Necessary Interruptions

Necessary Interruptions

Episode: 064

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Necessary Interruptions


Don’t you hate interruptions? There are few things more frustrating than when you are in the middle of something important or trying to hit a deadline, and something pulls you in a different direction.

It could be a ringing phone, someone popping in with a “quick question,” or even our own mind straying from the task at hand. 

Regardless of their origin, interruptions have a knack for destroying our focus and leaving us to regain our train of thought.​​​​​​​​​​​​​​​​

II. Necessary Interruptions Story

Chapter 19 begins with a powerful story about a family whose lives were saved by a carbon monoxide alarm.

The strange thing about this is that they had reluctantly installed the alarm days before leaving for vacation.

Shortly after returning home from their vacation, they awoke to a loud beeping noise from the carbon monoxide alarm. The alarm company insisted they call the local fire department. Within minutes of being in the home, the fire department ordered the family to evacuate.

The firefighter pulled the couple aside to let them know that the levels of carbon monoxide were so high that if they had not heeded the warning, they would have been dead by morning.

This interruption turned out to be a necessary one, as it alerted them to deadly gas levels that could have killed them if ignored.


III. Our Built-in Alarm System

This story illustrates that our emotions can act as our life-saving alarm system.

Debra explains that we have a built-in “alarm system” called the sympathetic nervous system.

This system is best known for its stress response, more commonly known as the fight-or-flight response. 

Whether crossing a busy street or in the middle of an argument – our emotions are an integral part of this system, sending signals that something needs our attention. 

Every single emotion clues us in that something is happening under the surface.

This is why therapists often ask “How does that make you feel?” – because feelings are part of a bigger equation about our internal experiences.

We often react to the feeling itself instead of recognizing it as a signal and responding accordingly.

IV. Reacting to Feelings VS. Responding to Emotions

A. Examples of Reacting to Feelings in Unhealthy Ways

• Mike was feeling overwhelmed, so he snapped at his wife and kids even though they hadn’t done anything wrong.

• Kelsey was feeling insecure, so she lied about her job to make herself sound smarter.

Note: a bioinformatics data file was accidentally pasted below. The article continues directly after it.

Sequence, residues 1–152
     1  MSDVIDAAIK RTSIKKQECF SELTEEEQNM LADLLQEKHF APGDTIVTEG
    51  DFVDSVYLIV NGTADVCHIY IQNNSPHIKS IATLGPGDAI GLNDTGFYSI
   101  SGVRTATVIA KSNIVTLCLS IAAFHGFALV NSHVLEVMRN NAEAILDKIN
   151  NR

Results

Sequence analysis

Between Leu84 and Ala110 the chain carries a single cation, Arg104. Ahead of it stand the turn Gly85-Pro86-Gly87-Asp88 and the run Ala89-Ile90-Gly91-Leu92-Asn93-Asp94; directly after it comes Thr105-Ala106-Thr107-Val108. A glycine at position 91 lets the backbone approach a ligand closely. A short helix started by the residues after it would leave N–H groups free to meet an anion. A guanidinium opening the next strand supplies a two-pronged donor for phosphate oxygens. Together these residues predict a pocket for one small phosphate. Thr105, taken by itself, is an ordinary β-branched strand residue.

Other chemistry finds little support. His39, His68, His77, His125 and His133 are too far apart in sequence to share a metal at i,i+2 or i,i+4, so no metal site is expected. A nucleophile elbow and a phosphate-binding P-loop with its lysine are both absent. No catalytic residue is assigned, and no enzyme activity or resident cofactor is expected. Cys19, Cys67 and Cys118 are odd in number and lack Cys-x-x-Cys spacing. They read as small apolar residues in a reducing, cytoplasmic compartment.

• Ben was feeling stressed, so he blew some money shopping online even when it broke his budget.

• Susan was feeling desperate, so she gave him another chance even though he had broken her heart before.

• Trey was feeling guilty, so he said yes to the meeting even though it took away more time from his family

B. Reacting means acting quickly to make the feeling go away

Much of what we do is driven by how we feel. 

If you feel something, you might act in a certain way.

The Problem:

We often don’t take time to fully process or understand why we are feeling the way we do.

We don’t take time to ask, What might this feeling be telling me?

What is it signaling to my brain?

If it is a bad feeling, we do whatever we can to make the feeling go away.

C. Responding means processing the feeling and what it signals

We must begin to see our feelings as signals. 

Making this shift in our thinking will help us to take positive steps with our feelings.

If we take a minute to break this down, we will quickly realize that a signal is there to tell us something.

Responding allows us to act in a healthy way to address the root issue.

Understanding Feelings as Signals Gives Us Options

V. [Conclusion:]

Let’s review what we have learned.

We have the power to either reactively act on our feelings or consciously respond to them.

Don’t simply tune out your emotions. Lean in and ask questions to see what they might be telling you. Doing so might just save your life.

Verse for Reflection

“There is a time for everything…a time to weep, and a time to laugh” (Ecclesiastes 3:1, 4).


Show Notes




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Episode Description

In this episode, we discuss the chapter Necessary Interruptions. This is part of a study inspired by Reset – Powerful Habits to Own Your Thoughts, Understand Your Feelings, and Change Your Life by Debra Fileta. We take concepts from the book each week and apply them to brain health.


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Last updated on: 05/21/2024

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